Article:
Tag Archives: Criss Cross Jazz

David Gilmore: From Here To Here


Guitarist and composer David Gilmore (not to be mixed with David Gilmour from Pink Floyd) has released a new album on Criss Cross Jazz called “From Here to Here”. The album features eight original compositions from David Gilmore plus two covers.

I have met David Gilmore some years ago in Langnau where he taught the guitar class during the Langnau Jazz Festival. He enjoyed teaching, we had a great time with him and he also showed his mastery in the concerts and the jam sessions.

The album was recorded in 2018 and the line-up includes E.J. Strickland on drums whom I also met at that time in Langnau.

The complete line-up is:

  • David Gilmore – guitar
  • Luis Perdomo – piano
  • Brad Jones- bass
  • E.J. Strickland – drums

The album starts with “Focus Pocus”, a very energetic composition by David Gilmore. After a great guitar solo E.J. Stricklands on drums and Luis Perdomo on piano get their chance to shine.  Excellent start into the album and it makes appetite for more music from this band.

“Cyclic Episode” by Sam Rivers is the next song. A nice composition with interesting changes and great dynamic support by drums and bass during the guitar and piano solo. Trading 8 bars of guitar solo with 8 bars drums solo completes the tune in best jam style.

The album continues with “Metaverse”, a song where the harmonies remind me of Miles Davis’ music from his electric phase in the 1980′s. The guitar comes distorted, the melody is very artistic and the groove moves between even and swing. The solo is a dialog between guitar and piano. A great tune.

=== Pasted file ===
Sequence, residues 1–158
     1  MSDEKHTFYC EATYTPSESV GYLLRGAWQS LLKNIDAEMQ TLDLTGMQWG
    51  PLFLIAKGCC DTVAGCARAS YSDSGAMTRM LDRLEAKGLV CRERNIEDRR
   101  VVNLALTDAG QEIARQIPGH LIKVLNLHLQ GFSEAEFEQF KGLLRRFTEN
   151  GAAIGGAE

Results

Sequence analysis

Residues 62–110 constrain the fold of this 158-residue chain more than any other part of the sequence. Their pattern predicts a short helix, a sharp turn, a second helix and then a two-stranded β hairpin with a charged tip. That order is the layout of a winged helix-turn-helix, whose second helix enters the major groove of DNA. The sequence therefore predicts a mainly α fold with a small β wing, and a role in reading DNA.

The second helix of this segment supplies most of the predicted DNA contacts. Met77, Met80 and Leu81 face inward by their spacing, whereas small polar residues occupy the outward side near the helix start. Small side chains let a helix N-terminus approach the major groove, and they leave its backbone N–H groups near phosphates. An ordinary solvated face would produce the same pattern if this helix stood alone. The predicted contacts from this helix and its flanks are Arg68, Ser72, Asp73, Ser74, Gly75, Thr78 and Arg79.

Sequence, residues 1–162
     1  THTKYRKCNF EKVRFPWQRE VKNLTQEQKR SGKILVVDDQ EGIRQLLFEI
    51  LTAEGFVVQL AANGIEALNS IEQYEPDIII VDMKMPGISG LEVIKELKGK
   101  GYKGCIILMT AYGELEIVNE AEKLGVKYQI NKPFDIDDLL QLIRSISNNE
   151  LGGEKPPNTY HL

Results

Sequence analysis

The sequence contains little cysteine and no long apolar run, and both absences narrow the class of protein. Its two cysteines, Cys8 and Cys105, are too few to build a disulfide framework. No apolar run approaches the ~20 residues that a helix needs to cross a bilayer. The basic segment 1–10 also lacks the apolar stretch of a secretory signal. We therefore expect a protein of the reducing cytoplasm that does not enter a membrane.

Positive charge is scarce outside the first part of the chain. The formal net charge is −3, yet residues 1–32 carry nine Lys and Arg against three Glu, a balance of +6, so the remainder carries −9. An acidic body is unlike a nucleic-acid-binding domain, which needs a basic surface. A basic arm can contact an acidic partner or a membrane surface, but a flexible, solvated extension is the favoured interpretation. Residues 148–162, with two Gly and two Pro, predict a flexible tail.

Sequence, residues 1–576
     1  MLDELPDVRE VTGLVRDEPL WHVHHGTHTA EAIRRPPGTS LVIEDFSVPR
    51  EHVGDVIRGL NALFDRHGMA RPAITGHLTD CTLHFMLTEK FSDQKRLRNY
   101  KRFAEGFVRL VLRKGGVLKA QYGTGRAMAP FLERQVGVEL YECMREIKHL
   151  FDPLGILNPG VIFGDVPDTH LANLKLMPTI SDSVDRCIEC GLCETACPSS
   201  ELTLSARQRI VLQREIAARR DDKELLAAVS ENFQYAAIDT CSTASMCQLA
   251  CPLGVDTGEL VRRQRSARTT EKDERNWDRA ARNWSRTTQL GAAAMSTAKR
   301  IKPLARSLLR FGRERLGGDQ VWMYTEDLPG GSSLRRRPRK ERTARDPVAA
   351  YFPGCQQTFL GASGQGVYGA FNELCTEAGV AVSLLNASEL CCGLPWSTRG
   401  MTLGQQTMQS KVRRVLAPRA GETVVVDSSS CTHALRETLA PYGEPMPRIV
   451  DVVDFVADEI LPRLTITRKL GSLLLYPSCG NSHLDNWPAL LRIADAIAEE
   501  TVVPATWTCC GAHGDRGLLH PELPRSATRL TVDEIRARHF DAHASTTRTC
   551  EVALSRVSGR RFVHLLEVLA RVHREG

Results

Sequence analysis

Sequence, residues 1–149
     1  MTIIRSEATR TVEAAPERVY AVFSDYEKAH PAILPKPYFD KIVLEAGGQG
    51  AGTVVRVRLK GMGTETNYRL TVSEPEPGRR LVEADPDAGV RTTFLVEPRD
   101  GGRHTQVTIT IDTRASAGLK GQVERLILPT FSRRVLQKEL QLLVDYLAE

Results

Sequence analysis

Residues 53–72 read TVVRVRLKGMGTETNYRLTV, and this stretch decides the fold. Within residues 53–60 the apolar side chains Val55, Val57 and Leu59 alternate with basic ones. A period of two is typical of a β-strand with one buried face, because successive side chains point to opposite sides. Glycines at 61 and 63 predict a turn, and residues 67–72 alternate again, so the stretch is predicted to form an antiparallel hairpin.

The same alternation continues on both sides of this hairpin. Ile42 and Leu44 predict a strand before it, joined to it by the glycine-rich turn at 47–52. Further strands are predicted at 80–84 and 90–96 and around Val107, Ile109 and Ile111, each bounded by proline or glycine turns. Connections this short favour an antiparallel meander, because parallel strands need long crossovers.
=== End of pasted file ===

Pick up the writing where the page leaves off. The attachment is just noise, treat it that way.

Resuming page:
In sharp contrast is “Child of Time” where David Gilmore plays on  a nylon guitar. This beautiful ballad features David Gilmore on guitar and Luis Perdomo on piano.

The band returns to an electric sound  with “When and Then”. The precision of this band is amazing, the melody is played in unison and all the little breaks just fit perfectly. We hear again two excellent solos by guitar and piano.

“Innerlude” is the next song. This soft composition by David Gilmore starts very light and open and indulges itself in it’s harmonies.

The album continues with “Interplay” by Bill Evans. This jazz classics features Brad Jones on bass. His great solo is outperformed by an incredible guitar solo. Sound and style of this song keep the spirit of the original with Jim Hall on guitar. One of my highlights on the album.

“The Long Game” is the next song. Another very rhythmic composition that allows E.J. Strickland to set the course. Bass and piano provide the background in unison for the staccato melody played in unison by piano and guitar.  Chapeau for Luis Perdomo for this outstanding performance.

The album continues with “Free Radicals”. The fast latin groove is the foundation for extensive solos by piano,  distorted guitar and drums. After an interlude Brad Jones gets his chance for a bass solo.

“Libation” is the last song on the album. The guitar starts the groove of the song followed by an open and melodic part. Solos by guitar, piano and bass round up this modern jazz composition.

“From Here to Here” is a great album from one of the best guitar players on the scene today matched by a rhythm section of New York first-callers. Contemporary jazz compositions and excellent solos presented with a lot of energy and enthusiasm are the main characteristics of this album.

The closing words come from David Gilmore:
“I wanted to get a smaller working group in the studio to facilitate touring. My very first record Ritualism was centered around a guitar-piano-bass-drums quartet; I wanted to return to that format (a) because I like it, and (b) because of logistics.”

So let’s hope we see him touring with this music and hopefully also with these outstanding musicians.

More information about David Gilmore and upcoming shows are found on his website:

And finally the complete album on Spotify: